|Title||Linking catchments to the coast – can the development of northern Australia negatively impact on the health and productivity of estuaries? Coast 2 Coast Conference, Darwin 2008|
|Year of Publication||2008|
|Authors||Burford, M, Halliday, I, Bayliss, P|
|Keywords||5: Foodwebs and biodiversity|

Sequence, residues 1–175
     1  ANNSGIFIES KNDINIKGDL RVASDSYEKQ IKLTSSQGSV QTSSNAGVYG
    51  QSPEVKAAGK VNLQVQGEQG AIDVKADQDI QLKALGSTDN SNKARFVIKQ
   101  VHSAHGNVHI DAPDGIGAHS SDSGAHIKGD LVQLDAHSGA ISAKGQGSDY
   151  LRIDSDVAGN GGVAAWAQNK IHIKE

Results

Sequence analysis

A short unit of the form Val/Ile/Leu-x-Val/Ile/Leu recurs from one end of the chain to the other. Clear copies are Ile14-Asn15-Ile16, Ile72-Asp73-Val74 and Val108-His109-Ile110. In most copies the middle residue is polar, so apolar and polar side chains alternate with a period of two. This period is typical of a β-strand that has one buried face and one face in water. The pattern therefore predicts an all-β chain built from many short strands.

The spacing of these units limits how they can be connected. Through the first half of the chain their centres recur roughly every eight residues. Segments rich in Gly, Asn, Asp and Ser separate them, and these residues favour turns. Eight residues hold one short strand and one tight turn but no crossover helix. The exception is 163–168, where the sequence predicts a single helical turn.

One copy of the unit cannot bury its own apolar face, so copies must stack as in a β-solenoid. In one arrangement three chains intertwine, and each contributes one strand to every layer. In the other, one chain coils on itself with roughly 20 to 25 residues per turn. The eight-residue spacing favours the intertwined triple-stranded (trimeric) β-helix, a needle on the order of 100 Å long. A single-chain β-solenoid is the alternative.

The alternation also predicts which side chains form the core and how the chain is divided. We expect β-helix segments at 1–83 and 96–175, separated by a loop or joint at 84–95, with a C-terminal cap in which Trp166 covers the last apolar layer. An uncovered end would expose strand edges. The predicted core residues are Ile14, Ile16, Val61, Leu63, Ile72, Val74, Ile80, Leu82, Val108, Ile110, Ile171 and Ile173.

There is pressure to develop northern Australia by expanding urban areas and increasing agricultural production. Development requires water, therefore there are proposals and plans to divert, abstract and regulate water from Northern rivers. These rivers contain a large proportion of Australia’s freshwater leading to a popular view that much of the water discharging to the sea is wasted. However, estuaries, which are at the interface between the river and the sea, are at the receiving end of the freshwater flows. They are highly productive habitats supporting an abundance of plant and animal species, including fish and crustacean species of commercial and recreational importance. These communities have adapted to the highly variable flows and the associated suspended sediments and nutrients characteristic of tropical Australia, and are likely to be reliant on both the variability and magnitude of freshwater inputs to fuel productivity. Research on the role of catchment inputs on estuaries has been limited to date but recently researchers in the Tropical Rivers and Coastal Knowledge program have commenced studies on the links between catchment inputs and estuarine productivity. Combined with studies of river and catchment structure and function, it will provide an integrated study to assess how future development in the north is likely to impact on estuaries.